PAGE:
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Can a G6PD Deficiency, High Bilirubin Level or Kernicterus Cause Cerebral Palsy?

by The Beasley Firm  |  January 19, 2012  |  

Glucose-6-phosphate dehydrogenase deficiency (G6PD) is the most common enzyme deficiency worldwide and is when the body doesn’t have enough of the enzyme G6PD to help red blood cells (RBCs) function normally. This deficiency can cause an elevated bilirubin level or neonatal hyperbilirubinemia, acute hemolysis, chronic hemolysis or chronic hemolytic anemia.

G6PD deficiency should be considered in newborns that develop a high bilirubin level or hyperbilirubinemia within the first day of life. If a high bilirubin level or kernicterus is not diagnosed and treated right away, it can cause destruction to an infant’s brain and lead to cerebral palsy (CP) and other neurological problems. If the bilirubin level is elevated enough, the baby may require phototherapy (light therapy) or an exchange transfusion.

Children with G6PD deficiency may not show signs or symptoms of the disease until their red blood cells are exposed to certain triggers such as infections, fever-reducing medications, antibiotics and certain antimalarial drugs. Other substances that seem to trigger G6PD deficiency are fava beans and naphthalene, a substance found in moth balls. Once the trigger is removed, the symptoms resolve. If G6PD deficiency is not diagnosed and the trigger remains, the child could go on to develop a hemolytic crisis or severe anemia. Prolonged and untreated anemia in a child could lead to physical, mental and developmental delays.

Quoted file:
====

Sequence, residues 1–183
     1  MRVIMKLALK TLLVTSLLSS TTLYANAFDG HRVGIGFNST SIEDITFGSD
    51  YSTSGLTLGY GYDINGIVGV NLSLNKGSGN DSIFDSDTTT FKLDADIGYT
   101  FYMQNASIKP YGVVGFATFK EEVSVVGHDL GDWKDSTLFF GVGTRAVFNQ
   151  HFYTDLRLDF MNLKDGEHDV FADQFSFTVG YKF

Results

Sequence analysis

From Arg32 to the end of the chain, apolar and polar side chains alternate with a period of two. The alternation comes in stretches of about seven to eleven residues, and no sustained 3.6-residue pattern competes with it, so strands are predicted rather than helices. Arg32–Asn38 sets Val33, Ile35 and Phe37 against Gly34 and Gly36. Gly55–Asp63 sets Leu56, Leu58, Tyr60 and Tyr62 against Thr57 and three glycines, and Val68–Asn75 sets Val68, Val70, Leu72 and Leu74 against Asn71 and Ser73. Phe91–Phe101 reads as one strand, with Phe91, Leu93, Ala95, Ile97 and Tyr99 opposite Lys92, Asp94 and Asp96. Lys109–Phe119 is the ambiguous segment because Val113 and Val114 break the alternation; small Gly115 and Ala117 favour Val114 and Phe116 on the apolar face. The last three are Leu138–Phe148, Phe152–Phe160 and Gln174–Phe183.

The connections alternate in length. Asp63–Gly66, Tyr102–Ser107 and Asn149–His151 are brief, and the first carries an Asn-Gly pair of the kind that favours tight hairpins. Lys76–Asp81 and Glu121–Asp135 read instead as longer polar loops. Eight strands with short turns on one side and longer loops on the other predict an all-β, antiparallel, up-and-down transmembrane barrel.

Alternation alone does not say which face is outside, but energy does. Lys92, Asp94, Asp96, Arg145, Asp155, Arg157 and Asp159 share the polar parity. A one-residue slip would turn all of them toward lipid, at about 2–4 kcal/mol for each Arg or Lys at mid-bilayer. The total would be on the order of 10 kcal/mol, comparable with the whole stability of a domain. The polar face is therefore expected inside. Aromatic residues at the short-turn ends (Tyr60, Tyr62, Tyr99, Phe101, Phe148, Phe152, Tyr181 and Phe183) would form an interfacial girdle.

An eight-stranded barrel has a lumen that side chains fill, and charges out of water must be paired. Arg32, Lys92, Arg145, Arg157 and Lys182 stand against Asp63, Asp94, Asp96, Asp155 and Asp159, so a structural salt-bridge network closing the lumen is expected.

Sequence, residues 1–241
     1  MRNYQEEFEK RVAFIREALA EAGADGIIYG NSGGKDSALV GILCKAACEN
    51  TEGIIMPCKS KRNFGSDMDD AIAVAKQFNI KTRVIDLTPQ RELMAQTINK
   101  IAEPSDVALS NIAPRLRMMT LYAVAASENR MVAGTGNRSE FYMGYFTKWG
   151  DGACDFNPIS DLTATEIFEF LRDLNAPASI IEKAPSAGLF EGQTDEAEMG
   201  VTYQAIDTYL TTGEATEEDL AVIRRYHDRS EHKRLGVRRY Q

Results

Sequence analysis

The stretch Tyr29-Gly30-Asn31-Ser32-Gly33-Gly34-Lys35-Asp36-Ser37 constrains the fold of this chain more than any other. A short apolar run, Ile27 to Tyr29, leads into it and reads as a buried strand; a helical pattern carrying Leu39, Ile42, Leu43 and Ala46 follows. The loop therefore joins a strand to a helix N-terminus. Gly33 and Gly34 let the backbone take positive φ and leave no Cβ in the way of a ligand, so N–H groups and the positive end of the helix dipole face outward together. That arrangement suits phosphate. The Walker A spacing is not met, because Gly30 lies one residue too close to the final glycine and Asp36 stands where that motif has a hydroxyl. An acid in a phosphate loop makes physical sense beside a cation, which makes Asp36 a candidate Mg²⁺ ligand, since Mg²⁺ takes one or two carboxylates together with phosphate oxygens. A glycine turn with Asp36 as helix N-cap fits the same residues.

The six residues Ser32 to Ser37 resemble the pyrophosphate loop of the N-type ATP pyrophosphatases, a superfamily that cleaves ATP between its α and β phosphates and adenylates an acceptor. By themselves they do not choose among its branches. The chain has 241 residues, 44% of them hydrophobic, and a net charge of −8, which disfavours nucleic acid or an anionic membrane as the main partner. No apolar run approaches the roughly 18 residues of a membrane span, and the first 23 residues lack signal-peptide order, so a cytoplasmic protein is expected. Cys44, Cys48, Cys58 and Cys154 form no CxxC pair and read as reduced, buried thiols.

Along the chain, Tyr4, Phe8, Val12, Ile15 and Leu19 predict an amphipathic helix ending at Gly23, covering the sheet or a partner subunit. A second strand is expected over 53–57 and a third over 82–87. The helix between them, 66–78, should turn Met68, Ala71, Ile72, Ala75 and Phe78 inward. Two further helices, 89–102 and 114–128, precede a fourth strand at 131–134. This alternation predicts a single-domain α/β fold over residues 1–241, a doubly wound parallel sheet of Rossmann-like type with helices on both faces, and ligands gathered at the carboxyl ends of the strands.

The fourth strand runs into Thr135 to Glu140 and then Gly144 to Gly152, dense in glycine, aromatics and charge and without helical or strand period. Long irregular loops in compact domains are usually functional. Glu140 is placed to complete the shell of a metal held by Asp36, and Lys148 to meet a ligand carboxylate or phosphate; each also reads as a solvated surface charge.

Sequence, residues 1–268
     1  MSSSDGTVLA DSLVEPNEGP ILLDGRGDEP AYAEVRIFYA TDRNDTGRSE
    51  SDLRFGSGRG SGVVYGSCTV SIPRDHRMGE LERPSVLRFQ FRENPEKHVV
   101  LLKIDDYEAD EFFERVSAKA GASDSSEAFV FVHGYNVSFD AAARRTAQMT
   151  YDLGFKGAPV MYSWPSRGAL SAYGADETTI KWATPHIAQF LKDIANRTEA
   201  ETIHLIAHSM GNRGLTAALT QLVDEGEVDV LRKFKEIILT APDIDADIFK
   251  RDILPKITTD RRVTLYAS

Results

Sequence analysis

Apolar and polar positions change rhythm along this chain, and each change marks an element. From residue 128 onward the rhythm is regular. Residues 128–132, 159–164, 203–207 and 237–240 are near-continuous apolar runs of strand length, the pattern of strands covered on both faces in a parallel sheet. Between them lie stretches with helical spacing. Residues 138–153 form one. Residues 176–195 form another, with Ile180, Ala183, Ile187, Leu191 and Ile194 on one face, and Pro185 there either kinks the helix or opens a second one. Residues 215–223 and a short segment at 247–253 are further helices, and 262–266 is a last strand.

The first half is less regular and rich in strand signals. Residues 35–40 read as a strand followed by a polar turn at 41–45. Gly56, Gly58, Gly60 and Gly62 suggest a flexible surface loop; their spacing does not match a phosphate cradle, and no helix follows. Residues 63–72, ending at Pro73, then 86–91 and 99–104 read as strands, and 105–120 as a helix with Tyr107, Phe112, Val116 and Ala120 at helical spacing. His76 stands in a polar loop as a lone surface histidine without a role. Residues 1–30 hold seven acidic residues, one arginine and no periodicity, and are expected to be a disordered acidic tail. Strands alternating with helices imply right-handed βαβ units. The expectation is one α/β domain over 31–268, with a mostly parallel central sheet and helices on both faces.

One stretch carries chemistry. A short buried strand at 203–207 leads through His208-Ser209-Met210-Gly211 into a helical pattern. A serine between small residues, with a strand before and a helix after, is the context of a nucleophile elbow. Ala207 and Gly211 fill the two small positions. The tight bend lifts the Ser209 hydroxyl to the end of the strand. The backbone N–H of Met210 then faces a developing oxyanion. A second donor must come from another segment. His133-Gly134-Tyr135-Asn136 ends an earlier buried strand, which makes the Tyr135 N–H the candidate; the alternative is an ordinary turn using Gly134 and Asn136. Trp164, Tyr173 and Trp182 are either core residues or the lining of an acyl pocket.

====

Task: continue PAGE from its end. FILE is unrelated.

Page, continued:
Here at the Philadelphia Beasley cerebral palsy law firm, we understand that a baby or child who has a G6PD deficiency can developed a high bilirubin level, kernicterus, or chronic and severe anemia that can lead to a brain damaged infant, cerebral palsy and other neurological or growth problems. Our specialized medical malpractice teams consist of physicians and neonatal intensive care nurses who understand that infants with high bilirubin levels may require certain treatments to prevent infant brain damage. If your child suffered brain damage or developmental delays due to an undiagnosed or untreated G6PD deficiency, please feel free to contact one of our experienced lawyers, physicians, or nurses for a strictly confidential and free consultation.

With the right treatment and precautions an infant or child with a G6PD deficiency can lead a healthy and productive life.

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